Henna is a visceral cinematic experience that functions as an exercise in patience. Drawing from reflections on his own childhood growing up in a rapidly developing Abu Dhabi, Saleh Karama created the character of Henna (A’aesha Hamad), a curious eight-year-old girl through whose perspective we are invited to see the world.
Henna lives in a fishing village in an unnamed Arab country. The goings-on of daily life are marked by their simplicity, which is transferred to the viewer by lingering scenes of mundane living: collecting fish that have been caught in nets, conversations over coffee about nothing in particular, the process of cooking lunch for a visitor. At the side of the screen is Henna, eyes wide and twinkling with apt absorption.
The viewer is introduced to Henna on the floor of her bedroom, completing her homework before her mother shoos her to bed. The young girl lives with her mother and grandfather; we are given the impression that her father—who abandoned the pair after Henna’s mother was stricken with an unexplained illness—drops by only once in a while to bring uselessly modern gifts, like bottles of soda.
Most of Henna’s story rests on the visual juxtaposition of contemporary and traditional living. It’s often subtle, as with scenes of gender role segregation where women speak to other women and men to other men; female servitude is expected even as Henna’s family encourages her education. Elsewhere, it’s seen through the lens of infrastructure: The village lacks adequate water for its inhabitants, but the ongoing construction of things like paved roads that camels cannot cross and shopping malls with flashy, expensive goods interfere with the inherited methods of operation that have existed for centuries. When Henna’s uncle Tarsh, a Bedouin man who has been living in the desert, comes to visit, the stress of the newly formed, hurried ways of the community’s impetuous youth are too much for him to abide, and he promptly leaves.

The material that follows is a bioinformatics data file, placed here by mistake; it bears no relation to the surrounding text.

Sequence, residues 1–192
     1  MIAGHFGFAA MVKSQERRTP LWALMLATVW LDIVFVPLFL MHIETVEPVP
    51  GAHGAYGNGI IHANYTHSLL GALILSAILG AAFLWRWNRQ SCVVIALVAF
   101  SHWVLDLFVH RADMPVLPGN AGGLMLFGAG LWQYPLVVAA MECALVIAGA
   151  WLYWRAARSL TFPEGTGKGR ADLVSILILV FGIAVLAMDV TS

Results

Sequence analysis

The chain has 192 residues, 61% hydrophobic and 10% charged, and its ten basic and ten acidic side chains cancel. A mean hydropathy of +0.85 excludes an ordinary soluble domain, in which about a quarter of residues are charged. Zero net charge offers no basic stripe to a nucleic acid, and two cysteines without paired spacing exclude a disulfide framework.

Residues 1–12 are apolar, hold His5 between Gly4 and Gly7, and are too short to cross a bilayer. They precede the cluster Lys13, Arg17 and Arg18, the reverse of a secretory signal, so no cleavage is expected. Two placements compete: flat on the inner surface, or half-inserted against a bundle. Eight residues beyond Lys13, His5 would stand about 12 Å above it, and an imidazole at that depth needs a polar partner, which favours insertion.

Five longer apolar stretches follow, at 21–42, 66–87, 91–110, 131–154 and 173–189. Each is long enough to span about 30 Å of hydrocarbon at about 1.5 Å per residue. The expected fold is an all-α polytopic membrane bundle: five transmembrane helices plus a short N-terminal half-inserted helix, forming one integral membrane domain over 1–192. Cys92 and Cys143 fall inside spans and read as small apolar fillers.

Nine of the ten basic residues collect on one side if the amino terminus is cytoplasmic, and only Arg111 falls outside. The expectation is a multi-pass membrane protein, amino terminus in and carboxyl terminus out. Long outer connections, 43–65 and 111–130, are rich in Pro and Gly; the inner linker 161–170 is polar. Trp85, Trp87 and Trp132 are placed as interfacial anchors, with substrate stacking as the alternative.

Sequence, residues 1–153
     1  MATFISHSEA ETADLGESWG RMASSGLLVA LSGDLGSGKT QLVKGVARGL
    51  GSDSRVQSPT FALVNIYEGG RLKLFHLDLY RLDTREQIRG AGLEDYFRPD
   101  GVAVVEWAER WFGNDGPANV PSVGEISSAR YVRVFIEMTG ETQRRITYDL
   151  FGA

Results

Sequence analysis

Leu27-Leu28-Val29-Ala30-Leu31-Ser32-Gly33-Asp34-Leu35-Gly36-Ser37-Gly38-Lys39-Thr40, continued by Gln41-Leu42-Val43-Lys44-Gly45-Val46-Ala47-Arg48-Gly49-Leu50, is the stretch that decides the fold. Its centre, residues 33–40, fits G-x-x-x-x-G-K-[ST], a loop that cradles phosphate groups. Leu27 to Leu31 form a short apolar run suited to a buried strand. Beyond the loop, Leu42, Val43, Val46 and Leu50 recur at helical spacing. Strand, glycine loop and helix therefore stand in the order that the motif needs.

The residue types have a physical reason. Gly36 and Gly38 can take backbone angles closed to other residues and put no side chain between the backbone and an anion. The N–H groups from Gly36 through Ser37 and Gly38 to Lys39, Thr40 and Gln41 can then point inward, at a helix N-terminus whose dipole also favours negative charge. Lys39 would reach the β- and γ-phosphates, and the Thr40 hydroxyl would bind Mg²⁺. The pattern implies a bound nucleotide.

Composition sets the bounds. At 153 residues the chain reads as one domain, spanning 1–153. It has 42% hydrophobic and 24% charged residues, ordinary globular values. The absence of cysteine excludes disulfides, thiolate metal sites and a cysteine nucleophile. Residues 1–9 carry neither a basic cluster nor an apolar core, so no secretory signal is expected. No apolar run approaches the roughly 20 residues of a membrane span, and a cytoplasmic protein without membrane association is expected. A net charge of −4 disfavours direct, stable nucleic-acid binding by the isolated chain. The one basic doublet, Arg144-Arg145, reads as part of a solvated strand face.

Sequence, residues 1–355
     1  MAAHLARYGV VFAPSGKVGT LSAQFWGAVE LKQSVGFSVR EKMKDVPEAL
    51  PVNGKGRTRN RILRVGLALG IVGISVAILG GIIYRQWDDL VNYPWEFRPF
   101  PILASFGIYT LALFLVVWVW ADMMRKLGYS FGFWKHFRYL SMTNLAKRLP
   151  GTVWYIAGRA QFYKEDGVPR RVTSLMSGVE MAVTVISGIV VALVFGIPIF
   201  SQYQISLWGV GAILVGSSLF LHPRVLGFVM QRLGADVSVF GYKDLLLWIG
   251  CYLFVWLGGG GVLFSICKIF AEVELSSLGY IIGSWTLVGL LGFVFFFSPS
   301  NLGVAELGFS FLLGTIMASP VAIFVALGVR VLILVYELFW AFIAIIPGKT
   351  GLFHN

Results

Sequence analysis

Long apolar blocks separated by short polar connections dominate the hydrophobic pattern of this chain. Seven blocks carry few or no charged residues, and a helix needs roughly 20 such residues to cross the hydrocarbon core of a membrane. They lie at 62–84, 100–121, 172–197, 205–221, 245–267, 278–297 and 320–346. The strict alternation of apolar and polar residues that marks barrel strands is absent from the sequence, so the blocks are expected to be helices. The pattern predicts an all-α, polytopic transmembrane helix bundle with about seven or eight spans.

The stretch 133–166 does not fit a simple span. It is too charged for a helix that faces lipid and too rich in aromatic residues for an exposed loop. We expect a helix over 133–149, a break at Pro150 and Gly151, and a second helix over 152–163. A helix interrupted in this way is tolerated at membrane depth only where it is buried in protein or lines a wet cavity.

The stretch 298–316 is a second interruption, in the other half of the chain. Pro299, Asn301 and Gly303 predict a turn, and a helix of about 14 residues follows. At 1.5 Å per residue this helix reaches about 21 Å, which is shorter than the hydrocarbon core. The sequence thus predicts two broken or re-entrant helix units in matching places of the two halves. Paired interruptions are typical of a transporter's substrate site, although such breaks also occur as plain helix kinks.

Absent of narrative commentary, Henna leaves the viewer to sort out the benefits and drawbacks of the many different ways of existing in the world and the conflict that occurs at the cusp of change. Using a visually induced melancholy, coarse cinematography, and acting that comes across as more innate than put on, one is asked to consider the paradox of what is lost and what is gained during the process of industrializing the desert.
Originally published in Bitch Magazine